Monday, September 27, 2010

Editorializing about Kids and Community

La Casa Chica provides a good vantage point from which to make sense of efforts going on in the broader community, as relate to kids.  Click here to read what I had to say about the recent Children's Movement rally that took place here in Sarasota.

Saturday, September 25, 2010

Rebirth of the Beach Caravan

This summer, neighborkids discovered some of the special history of our Central-Cocoanut neighborhood and Newtown community.  They found out about the 1955 beach caravan, which was started and led by our neighbors, which ultimately resulted in Sarasota becoming a county with all beaches open to all people.  Click here to read an article that explains this special history.

This month, neighborkids have been busy creating their own version of the beach caravan.  They've spent hours and hours making signs and spreading the word throughout the neighborhood.  

When Mr. Ned and his family found out about it, they said they wanted to be a part too.  They offered to contribute their limousine for the day!  

Kids helped to get stuff ready for the big day...even some kids who did not actually go on the caravan!

And then it happened.


History reborn.

Friday, September 17, 2010

Hanging Out as Neighbors

Kids went back to school last month, and less than a month later, it feels like getting back together here on the block is already long overdue!  On Friday, Dalisha and Dareeona asked if "the girls" could get together like we used to, which of course meant we needed to go pick up Holly, who now lives five  miles away from our block on 15th Street but will always be a Central-Cocoanut neighbor at heart.  Phone service was down, so we weren't able to call ahead.  Fortunately when we dropped by her house she was there and able to come over, so the four of us headed back to the block on 15th Street.  Can you tell by the level of silliness how excited the girls were to see each other again?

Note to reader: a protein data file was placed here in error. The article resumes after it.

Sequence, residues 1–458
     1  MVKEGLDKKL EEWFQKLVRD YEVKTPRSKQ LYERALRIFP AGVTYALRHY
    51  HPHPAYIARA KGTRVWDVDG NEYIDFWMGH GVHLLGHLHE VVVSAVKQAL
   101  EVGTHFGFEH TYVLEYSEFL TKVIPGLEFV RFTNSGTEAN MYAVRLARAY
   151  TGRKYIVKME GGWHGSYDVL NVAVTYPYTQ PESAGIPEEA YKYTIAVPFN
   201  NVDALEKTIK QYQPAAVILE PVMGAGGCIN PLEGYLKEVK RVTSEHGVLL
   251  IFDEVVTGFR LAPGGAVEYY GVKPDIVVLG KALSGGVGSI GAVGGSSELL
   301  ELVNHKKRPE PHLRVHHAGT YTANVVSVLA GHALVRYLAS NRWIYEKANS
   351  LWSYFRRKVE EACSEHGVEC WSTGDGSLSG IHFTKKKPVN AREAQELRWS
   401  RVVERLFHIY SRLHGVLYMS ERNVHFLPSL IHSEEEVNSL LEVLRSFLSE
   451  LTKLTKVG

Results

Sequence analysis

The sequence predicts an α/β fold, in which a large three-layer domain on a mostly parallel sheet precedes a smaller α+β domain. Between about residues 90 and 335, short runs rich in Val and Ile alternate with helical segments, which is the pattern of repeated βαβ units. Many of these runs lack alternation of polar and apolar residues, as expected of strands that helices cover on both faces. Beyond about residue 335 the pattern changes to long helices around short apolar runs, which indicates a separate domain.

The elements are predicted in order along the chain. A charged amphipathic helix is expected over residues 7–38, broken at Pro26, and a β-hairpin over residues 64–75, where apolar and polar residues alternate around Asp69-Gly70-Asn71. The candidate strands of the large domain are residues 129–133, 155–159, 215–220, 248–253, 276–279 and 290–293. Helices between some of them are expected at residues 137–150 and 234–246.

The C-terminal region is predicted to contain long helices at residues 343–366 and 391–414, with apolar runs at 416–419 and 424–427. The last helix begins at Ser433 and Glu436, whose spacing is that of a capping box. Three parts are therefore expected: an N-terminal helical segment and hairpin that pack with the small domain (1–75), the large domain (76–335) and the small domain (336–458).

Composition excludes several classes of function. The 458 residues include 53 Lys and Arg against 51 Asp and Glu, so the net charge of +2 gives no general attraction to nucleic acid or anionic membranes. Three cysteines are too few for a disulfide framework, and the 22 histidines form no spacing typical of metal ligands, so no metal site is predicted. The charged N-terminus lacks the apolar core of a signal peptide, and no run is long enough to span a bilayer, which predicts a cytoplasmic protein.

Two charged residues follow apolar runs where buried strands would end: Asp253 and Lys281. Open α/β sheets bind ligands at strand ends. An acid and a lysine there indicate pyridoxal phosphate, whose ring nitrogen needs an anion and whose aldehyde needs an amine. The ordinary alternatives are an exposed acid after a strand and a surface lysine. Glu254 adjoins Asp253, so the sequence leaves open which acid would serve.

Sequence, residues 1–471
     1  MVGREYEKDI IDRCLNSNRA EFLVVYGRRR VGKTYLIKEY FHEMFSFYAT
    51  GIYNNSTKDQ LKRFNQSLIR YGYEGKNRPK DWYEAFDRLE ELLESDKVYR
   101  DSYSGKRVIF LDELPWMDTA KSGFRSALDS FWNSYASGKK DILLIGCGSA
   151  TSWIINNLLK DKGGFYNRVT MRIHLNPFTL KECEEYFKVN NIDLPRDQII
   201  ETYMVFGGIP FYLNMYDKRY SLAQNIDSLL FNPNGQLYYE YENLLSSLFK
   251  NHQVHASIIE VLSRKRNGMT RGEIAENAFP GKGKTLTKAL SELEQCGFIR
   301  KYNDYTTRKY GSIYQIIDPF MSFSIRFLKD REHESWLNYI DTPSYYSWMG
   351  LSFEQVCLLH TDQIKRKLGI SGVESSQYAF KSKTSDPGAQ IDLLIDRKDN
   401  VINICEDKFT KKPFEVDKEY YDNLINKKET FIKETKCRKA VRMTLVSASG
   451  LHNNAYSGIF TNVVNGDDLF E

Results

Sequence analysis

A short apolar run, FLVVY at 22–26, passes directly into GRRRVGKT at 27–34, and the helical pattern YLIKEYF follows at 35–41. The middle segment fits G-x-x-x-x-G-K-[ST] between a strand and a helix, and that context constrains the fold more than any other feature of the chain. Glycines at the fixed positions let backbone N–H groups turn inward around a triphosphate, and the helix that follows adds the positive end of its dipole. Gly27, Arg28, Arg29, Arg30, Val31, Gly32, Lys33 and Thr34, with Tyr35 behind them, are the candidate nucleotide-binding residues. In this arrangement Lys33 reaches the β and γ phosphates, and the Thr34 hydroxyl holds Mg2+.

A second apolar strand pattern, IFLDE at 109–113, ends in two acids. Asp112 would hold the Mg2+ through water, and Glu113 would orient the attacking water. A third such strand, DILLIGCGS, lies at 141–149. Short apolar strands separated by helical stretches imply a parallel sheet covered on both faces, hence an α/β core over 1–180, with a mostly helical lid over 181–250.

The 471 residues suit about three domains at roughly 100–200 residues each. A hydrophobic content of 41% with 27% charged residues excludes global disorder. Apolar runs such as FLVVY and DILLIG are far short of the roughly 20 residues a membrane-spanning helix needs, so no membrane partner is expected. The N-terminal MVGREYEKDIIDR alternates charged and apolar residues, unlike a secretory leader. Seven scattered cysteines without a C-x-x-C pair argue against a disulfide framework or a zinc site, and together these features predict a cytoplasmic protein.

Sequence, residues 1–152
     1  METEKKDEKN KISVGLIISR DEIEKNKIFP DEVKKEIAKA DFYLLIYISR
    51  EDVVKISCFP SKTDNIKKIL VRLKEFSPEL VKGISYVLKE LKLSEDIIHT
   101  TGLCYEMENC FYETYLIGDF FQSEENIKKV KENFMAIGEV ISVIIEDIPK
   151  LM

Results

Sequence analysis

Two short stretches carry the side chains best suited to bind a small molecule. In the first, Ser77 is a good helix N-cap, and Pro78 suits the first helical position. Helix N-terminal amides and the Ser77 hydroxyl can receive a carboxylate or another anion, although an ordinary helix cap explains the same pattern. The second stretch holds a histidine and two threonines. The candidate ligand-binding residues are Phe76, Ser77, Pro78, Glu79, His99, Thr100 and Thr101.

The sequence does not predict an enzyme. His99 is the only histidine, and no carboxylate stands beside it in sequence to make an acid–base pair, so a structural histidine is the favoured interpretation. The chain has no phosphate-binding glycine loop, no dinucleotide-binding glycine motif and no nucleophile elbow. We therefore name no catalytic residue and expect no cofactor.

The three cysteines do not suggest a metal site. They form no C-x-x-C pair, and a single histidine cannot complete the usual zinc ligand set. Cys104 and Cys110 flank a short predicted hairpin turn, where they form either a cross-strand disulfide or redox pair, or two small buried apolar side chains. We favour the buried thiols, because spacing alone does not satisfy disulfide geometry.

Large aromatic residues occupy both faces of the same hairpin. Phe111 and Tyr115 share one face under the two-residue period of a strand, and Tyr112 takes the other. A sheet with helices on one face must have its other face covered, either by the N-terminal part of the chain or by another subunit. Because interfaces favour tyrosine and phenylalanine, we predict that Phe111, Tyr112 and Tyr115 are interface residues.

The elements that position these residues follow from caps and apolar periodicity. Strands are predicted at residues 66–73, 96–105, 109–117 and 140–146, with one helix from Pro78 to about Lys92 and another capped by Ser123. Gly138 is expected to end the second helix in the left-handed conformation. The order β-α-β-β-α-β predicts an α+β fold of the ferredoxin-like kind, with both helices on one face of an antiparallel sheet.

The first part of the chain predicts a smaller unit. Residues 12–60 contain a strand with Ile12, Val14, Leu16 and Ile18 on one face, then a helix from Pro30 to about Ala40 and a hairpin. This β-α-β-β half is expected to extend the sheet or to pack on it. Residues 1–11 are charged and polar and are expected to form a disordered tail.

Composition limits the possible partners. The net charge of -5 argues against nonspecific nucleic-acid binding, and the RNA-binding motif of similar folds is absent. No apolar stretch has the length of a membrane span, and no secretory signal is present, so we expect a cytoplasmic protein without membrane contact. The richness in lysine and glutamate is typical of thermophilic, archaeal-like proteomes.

Back home in Central-Cocoanut, the girls got busy creating a celebration - baking pizza, making tea and lighting candles.  Then Dalisha said it was time for a toast.  She explained that "a toast is when we cheer each other after you get done saying something that you really want to say."  

So here's what everybody's toasts were tonight:

"A toast to the girls night!"
"Cheers for the Cheetah girls!"
"Happy to see Miss Allison!"
"Happy to see Holly, Dalisha, and Darry!"
"To a great school year for all of the Neighborhood Scavenger Hunters!"

A few days later, it was the boys who stopped by - Quay and others who dropped in to reconnect.  

Dropping by, hanging out, with no agenda, just to say hello -- this is what it means to be neighbors.  

Saturday, August 14, 2010

End-of-Summer Celebration

Today the Neighborhood Scavenger Hunters hosted another neighborhood party to mark the end of summer.  Beforehand, Amorie and Da'Sean made signs to post on the fence at the park and at Amorie's  house on Cocoanut Ave.

Next they dropped off signs with fellow neighborkids on Panama Dr. and Janie Poe Dr. to spread the word throughout the neighborhood.  

Later in the day, kids dragged the grill along with the folding table and a few chairs down to the Mary Dean park at the end of the block.  Mr. Dennis came over to help grill, and about 25 folks showed up to celebrate.